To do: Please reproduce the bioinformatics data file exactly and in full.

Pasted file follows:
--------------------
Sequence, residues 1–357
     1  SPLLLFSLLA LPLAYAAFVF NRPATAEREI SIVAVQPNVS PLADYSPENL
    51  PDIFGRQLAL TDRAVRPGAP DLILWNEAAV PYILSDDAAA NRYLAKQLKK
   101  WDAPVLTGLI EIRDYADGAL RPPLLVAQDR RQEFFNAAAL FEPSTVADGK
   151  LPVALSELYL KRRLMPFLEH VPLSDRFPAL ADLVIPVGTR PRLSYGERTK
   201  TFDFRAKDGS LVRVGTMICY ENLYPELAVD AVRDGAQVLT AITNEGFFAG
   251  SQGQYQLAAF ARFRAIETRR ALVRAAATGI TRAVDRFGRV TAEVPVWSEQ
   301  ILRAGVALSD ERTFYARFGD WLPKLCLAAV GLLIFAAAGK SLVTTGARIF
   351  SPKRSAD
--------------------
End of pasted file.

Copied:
Sequence, residues 1–357
     1  SPLLLFSLLA LPLAYAAFVF NRPATAEREI SIVAVQPNVS PLADYSPENL
    51  PDIFGRQLAL TDRAVRPGAP DLILWNEAAV PYILSDDAAA NRYLAKQLKK
   101  WDAPVLTGLI EIRDYADGAL RPPLLVAQDR RQEFFNAAAL FEPSTVADGK
   151  LPVALSELYL KRRLMPFLEH VPLSDRFPAL ADLVIPVGTR PRLSYGERTK
   201  TFDFRAKDGS LVRVGTMICY ENLYPELAVD AVRDGAQVLT AITNEGFFAG
   251  SQGQYQLAAF ARFRAIETRR ALVRAAATGI TRAVDRFGRV TAEVPVWSEQ
   301  ILRAGVALSD ERTFYARFGD WLPKLCLAAV GLLIFAAAGK SLVTTGARIF
   351  SPKRSAD